Written & Directed by: Joel & Ethan Coen
Full credits at IMDb
The Coen Bros. could stand to be more serious men. But at the start of A Serious Man, an exploration not of God’s silence but of the inscrutability of His message, they’re up to their old shit again. The brothers’ problem has always been their propensity for characters that are goofier than their context allows—madcap caricatures where real(ish) people ought to be. Their last two films, though antithetical in tone, have avoided the problem: No Country for Old Men might have been called Some Serious Men, as it was as drained of all humor as their moody debut Blood Simple. (Beth Grant, in a small part, was a notable exception, but the brevity of her screen time makes it forgivable.) Burn After Reading, on the other hand, was a zany satire of D.C. politics that demanded silly performances—and got them, from A-list or top-shelf masters (Clooney, Pitt, Malkovich; Frances McDormand) who know how to be nutty without crossing That Line.
But A Serious Man opens with a Yiddish ghost story that nearly ruins the film, not only with its broad archetypes (which are never as funny as the Coens think) but with its undermining message. Thankfully, the film quickly moves to the Midwest ca. 1967, a heartland suburbia of manicured lawns and one-level houses that’s positively Wonder Years, and focuses on the Jews there trying to retain their heritage while taking advantage of America’s promise of prosperity. This is a world the Coens know—it’s the one in which they were raised—and so they bring to it a serious authenticity; even when it’s funny and silly, it’s undergirded by an emotional gravity. The Coens are comfortable here. The eccentric characters—particularly a series of rabbis—feel like they truly belong in this absurd place where religious tradition butts heads with political realities.
Michael Stuhlbarg, the great eccentric stage actor beginning his much-welcome inroads into the pictures, stars as Larry Gopnik, a physics professor and 20th Century American Job: his wife is leaving him (for the hilarious Fred Melamed); his brother (a humorously repellent Richard Kind) is sleeping on his couch; his son, on the cusp of bar mitzvah, is a stoner chased down the street by dealers to whom he is indebted; the success of his tenure-review is threatened by a series of anonymous, disparaging letters and an attempted bribe from a South Korean student; he is as deplored by his red-meat neighbors for his persuasion as A Single Man’s protagonist is for his orientation. (Though, as one scene makes clear, Jew still trumps Chink.)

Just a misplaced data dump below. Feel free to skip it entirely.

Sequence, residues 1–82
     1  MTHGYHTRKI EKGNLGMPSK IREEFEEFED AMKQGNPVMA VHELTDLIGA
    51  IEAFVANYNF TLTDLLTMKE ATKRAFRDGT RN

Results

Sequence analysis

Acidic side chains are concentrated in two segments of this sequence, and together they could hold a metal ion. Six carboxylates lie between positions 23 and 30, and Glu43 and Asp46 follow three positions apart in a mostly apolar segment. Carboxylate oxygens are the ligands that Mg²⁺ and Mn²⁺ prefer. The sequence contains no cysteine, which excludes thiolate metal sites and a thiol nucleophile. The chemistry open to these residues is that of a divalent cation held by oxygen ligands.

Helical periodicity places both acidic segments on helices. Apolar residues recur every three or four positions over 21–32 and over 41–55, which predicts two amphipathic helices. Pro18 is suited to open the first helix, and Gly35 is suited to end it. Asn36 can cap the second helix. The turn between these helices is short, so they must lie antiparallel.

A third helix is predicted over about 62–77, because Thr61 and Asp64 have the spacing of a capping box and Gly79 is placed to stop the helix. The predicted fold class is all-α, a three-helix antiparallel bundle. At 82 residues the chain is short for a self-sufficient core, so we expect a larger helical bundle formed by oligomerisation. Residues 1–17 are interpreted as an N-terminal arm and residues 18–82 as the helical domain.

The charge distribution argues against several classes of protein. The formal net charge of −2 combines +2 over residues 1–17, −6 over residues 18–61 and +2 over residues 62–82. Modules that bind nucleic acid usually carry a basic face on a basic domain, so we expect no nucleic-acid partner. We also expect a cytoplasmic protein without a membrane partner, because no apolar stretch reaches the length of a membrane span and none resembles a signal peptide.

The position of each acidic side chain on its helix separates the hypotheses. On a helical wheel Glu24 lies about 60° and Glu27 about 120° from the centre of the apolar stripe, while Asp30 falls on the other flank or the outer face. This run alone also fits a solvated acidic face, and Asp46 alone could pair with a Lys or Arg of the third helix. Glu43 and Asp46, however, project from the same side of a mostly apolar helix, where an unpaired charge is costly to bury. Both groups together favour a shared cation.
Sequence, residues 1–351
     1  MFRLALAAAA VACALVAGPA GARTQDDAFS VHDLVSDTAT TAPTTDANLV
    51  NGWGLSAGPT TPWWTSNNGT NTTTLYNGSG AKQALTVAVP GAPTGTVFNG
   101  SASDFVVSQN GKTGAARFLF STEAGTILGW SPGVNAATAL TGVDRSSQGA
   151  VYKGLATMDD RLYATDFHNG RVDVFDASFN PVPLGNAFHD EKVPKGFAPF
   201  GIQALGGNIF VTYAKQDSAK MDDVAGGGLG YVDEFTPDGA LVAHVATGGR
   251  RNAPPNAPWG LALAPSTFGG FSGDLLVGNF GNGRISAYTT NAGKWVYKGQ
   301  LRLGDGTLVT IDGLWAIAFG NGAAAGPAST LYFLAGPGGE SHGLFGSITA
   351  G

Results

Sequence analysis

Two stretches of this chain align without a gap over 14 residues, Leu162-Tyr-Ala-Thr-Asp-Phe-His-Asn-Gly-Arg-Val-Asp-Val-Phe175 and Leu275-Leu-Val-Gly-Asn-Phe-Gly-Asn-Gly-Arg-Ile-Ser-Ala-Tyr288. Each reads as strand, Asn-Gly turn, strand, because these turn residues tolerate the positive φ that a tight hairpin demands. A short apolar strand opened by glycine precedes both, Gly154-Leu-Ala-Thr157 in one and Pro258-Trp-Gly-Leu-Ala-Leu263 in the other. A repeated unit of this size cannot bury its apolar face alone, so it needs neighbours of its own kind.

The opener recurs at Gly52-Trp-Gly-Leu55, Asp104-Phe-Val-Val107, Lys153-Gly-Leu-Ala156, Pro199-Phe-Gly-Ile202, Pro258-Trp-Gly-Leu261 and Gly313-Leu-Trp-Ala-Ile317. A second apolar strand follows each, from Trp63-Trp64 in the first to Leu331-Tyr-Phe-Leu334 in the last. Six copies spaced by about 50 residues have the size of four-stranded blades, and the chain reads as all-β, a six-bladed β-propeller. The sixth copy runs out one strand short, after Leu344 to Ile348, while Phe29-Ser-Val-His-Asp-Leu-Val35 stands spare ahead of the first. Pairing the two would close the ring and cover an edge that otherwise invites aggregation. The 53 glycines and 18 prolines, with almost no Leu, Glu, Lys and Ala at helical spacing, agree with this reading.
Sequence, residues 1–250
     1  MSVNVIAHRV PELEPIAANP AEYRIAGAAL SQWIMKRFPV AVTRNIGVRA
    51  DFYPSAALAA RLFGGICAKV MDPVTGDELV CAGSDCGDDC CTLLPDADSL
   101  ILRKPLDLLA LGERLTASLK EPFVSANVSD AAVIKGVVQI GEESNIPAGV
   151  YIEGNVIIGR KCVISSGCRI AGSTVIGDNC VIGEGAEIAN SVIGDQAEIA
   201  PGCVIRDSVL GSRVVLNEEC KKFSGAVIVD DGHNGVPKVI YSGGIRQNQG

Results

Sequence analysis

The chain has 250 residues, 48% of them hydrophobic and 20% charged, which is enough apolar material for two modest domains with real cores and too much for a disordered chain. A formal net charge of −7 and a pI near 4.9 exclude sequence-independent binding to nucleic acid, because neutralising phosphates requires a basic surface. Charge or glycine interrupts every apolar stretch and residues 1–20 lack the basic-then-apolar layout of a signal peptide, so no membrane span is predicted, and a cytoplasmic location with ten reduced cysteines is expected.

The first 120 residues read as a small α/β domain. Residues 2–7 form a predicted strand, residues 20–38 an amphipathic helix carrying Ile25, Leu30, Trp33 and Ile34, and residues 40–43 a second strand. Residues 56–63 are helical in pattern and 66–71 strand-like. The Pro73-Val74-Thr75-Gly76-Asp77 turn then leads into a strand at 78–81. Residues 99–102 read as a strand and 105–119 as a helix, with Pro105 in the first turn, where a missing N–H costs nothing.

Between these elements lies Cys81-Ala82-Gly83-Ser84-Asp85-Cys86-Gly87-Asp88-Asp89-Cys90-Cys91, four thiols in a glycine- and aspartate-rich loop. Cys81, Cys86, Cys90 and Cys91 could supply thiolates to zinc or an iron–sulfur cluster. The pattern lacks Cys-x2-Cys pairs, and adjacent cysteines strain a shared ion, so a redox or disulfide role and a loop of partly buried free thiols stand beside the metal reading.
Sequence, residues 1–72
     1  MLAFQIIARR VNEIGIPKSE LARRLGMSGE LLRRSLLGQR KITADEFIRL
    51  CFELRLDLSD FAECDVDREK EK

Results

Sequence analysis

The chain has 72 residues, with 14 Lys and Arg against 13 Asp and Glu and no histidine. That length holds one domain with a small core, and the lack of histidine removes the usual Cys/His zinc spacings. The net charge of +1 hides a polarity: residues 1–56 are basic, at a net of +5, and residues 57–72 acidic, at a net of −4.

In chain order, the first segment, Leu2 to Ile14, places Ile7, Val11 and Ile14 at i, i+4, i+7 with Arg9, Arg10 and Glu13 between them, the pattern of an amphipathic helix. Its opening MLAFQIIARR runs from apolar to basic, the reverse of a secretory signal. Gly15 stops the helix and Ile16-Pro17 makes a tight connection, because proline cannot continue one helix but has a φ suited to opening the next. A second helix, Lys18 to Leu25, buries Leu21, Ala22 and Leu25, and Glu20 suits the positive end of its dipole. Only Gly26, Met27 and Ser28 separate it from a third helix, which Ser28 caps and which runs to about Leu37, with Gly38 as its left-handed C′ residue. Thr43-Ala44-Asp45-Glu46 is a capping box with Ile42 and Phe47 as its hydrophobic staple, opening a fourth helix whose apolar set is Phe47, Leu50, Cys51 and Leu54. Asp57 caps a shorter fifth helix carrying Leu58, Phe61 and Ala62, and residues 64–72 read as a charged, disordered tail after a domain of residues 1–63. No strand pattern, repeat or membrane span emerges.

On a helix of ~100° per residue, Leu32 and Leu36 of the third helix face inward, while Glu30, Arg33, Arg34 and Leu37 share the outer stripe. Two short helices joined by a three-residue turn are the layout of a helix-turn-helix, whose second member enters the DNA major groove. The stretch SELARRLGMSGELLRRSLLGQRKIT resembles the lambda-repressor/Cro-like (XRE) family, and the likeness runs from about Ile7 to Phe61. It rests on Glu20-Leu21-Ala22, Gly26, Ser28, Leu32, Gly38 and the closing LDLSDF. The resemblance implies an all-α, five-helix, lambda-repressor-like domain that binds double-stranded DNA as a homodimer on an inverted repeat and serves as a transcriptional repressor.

Why the string of bad luck? The Coens compare humanity’s relationship-to-God to a rooftop antenna: just as the Gopniks can’t get F Troop to come through clearly, so too is humanity receiving a garbled signal they can’t decipher. Why does God supply us with the potential to ask questions when he won’t give us any answers? Why is he penalizing us when we haven’t done anything wrong? (The Coens find a brilliant symbol for this in the Columbia Record Club, which keeps charging you for albums precisely because you haven’t done anything.) The brothers cloak their bleak theology in the cover of comedy, but the pain and injustice of a world in which God only takes and does not give—in which he punishes the seemingly unoffending—is clear and deep. So why that stupid opening, which suggests we can attribute Gopnik’s trials to a 100-year-old curse? Less than establishing a sins-of-the-father theme, it merely suggests an easy answer for the complex existential conflicts the Coens do such a superb job of laying out through the rest of the film. Grade: A-
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